2.2.6  Most conventional medical practitioners and professional societies have reservations about the quality of evidence for many complimentary investigations and acknowledge the difficulty in producing interventional studies of sufficient power which are not subject to error and biases or the placebo effect (even if the placebo effect is a very important tool in making patients feel better and an important part of patient care, even in conventional medicine).

  2.2.7  There is some recently published data of doubtful validity to suggest that IgG antibodies may predict food intolerances but this is controversial and is not confirmed by other studies. Interventional studies using dietary avoidance may have methodological errors that may lead to biases which make them unreliable.

2.3  Evidence base for Pharmacological and non-pharmacological Management Strategies

  2.3.1  To a certain extent the evidence base has been examined in the appendices to the DH review. This is far too large an area to review in this submission but we would direct the select committee to the evidence submitted to the DH enquiry by the BSACI and others, and to the websites above, for expert consensus opinion.

  2.3.2  The evidence base for most standard pharmacotherapeutic options—corticosteroids, H1blockers etc. have a significant body of evidence underpinning their beneficial use in allergy.

  2.3.3  Adrenaline in anaphylaxis—Expert opinion and extrapolation from retrospective observations, including the UK Rescusitation Council Guidelines agree about the likely benefits, but objective evidence is lacking because of the obvious difficulties which preclude the studying of its efficacy in randomised controlled trials. It would be unethical not to administer adrenaline to a patient with anaphylaxis. There is also the distinction between the end-points of efficacy for prevention of fatalities and efficacy in rapidly terminating an episode and reducing morbidity which must be considered. This is a good example of lack of evidence of efficacy not being equated with evidence of lack of efficacy.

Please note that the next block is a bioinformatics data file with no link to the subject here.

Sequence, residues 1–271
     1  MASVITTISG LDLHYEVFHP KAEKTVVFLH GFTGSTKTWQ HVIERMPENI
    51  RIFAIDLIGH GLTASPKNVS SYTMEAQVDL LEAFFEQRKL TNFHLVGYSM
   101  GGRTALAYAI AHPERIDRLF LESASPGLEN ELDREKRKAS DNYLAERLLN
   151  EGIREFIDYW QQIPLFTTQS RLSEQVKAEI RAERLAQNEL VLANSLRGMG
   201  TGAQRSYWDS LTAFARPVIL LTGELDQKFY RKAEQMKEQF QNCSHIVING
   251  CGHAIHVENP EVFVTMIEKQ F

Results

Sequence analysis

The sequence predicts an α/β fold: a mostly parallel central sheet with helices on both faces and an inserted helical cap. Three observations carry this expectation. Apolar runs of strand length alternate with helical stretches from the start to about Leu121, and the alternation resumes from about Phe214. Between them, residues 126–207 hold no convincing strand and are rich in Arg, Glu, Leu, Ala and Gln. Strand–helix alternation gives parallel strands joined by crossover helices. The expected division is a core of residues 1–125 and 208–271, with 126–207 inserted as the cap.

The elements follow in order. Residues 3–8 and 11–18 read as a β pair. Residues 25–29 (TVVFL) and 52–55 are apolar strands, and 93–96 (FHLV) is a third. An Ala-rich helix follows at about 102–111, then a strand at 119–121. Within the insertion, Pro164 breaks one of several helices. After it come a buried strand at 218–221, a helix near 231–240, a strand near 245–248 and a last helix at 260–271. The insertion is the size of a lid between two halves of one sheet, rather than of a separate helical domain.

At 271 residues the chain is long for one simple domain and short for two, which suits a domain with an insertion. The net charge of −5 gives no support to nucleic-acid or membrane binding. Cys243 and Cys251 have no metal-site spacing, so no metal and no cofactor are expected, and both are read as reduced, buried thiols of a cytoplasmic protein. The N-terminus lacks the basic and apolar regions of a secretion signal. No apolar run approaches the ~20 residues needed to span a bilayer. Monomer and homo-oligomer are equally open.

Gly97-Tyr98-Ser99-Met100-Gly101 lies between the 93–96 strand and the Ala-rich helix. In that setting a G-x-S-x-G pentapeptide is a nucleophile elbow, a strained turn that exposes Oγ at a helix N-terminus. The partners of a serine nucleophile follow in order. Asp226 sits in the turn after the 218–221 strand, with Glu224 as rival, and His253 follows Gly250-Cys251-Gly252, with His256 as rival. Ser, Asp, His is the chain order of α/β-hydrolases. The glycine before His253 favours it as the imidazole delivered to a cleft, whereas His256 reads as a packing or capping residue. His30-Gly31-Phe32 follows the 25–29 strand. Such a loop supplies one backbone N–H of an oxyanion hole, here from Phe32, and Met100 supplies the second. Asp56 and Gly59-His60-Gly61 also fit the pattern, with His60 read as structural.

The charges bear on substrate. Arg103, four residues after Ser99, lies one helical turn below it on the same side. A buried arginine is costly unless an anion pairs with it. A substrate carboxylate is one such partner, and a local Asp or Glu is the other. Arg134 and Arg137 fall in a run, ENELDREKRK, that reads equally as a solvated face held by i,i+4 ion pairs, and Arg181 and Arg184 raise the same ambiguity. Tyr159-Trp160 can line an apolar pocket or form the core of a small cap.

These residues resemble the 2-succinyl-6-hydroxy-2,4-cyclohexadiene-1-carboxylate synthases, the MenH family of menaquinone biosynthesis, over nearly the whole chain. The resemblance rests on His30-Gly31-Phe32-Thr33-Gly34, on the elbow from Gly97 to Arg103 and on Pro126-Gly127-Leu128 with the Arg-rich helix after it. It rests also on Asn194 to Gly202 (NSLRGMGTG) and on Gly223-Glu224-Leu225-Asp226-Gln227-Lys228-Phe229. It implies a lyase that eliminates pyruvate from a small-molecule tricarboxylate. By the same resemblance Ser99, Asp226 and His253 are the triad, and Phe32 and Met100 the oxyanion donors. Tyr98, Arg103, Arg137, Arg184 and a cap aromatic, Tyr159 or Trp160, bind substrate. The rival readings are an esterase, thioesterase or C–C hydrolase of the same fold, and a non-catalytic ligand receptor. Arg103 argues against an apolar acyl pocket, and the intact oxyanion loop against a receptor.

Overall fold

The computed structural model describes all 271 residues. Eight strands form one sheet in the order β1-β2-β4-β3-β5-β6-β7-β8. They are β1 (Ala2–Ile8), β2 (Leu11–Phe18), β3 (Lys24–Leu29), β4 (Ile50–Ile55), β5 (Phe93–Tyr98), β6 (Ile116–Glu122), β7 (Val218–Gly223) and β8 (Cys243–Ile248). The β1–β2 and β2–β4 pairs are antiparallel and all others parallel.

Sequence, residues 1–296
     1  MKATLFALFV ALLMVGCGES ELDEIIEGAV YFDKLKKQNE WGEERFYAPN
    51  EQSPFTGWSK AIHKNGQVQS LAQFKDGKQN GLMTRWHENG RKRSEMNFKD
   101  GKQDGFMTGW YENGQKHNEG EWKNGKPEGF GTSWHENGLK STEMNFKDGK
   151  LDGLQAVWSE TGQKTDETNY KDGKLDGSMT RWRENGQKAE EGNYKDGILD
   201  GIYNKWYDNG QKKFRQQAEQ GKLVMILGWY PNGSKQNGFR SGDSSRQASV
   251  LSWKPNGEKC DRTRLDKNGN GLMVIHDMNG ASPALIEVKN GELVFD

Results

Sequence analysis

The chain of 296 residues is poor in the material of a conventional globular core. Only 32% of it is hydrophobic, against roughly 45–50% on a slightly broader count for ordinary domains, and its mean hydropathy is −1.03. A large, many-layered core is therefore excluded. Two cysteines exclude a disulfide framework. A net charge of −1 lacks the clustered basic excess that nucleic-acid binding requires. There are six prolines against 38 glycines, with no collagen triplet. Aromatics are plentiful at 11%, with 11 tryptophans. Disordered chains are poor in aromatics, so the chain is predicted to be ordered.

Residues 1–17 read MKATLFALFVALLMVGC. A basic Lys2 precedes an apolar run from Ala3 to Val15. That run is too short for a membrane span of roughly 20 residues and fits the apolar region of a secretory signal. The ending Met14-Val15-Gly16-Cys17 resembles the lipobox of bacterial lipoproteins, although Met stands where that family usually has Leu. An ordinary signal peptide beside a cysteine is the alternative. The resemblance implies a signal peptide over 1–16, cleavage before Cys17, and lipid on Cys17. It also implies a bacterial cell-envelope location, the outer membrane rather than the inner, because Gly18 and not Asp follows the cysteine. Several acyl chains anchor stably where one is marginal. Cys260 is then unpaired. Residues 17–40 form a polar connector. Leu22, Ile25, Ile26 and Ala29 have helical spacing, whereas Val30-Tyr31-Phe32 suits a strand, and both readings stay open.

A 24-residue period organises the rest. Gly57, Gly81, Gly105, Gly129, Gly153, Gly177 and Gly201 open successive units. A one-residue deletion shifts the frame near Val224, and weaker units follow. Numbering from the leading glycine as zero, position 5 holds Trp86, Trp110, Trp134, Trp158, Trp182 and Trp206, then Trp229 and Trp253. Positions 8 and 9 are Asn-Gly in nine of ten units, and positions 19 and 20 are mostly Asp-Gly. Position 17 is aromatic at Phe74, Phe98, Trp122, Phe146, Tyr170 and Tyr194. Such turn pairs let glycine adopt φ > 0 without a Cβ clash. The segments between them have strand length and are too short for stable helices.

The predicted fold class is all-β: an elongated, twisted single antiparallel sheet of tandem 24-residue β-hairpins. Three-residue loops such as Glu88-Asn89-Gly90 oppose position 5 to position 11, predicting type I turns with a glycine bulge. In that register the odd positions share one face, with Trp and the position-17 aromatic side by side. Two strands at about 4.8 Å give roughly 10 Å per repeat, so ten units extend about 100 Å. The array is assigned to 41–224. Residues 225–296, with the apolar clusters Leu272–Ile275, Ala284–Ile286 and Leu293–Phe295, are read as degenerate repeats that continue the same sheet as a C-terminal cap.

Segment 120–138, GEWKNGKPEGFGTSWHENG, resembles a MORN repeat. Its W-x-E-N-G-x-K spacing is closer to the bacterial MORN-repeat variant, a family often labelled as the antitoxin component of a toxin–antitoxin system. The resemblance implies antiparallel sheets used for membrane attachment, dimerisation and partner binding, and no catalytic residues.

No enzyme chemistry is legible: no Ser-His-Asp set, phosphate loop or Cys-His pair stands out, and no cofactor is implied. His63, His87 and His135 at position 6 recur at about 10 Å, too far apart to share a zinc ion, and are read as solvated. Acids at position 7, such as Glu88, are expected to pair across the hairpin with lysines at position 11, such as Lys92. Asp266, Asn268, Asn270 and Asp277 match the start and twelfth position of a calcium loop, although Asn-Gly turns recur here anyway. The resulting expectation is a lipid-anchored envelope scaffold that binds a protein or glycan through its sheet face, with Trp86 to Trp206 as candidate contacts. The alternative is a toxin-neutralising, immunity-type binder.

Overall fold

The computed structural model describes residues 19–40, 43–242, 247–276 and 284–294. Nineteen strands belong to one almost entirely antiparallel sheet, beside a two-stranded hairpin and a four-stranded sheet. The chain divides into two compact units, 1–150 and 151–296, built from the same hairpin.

2.3.4  Anti-IgE—There is evidence of efficacy in severe asthma, and in increasing the dose tolerance of patients with food allergy, and it may have a role in other allergic disorders. Its place in routine practice in the UK is, as yet, unclear although there is much potential in other areas of allergy practice.

  2.3.5  Non-pharmacological: Allergen avoidance: Once again there are difficulties in interpreting the existing evidence. Intuitively this is a "common sense" measure which ought to be highly effective, and there is data to demonstrate this in some food allergies such as peanut sensitivity. Objective evidence of efficacy in most sorts of aeroallergen allergy eg House Dust Mite Sensitivity is difficult to obtain, most likely due to a lack of comparability between different studies because of methods and patient selection.

2.4  Is the level of UK research into allergy and allergic disease adequate?

  2.4.1  Clearly not, even though much excellent research is done by a small cadre of specialists—see appendices to DH Review July 2006 and comments above. More importantly, there is reason to believe that the future of such clinically-based applied/translational research is precarious in view of the small number of specialists and lack of training opportunities.

  2.4.2  Both specialties lack manpower and have insufficient training posts, leading to current and future difficulty with recruitment and retention of clinical and academic specialists. A strategy is required to facilitate effective NHS research into the cost-effectiveness of different methods of service delivery and advance the treatment and understanding of allergic disease in general. These two aspects (service provision and research strategy) cannot be easily divorced in a highly specialised clinical service area with a small workforce.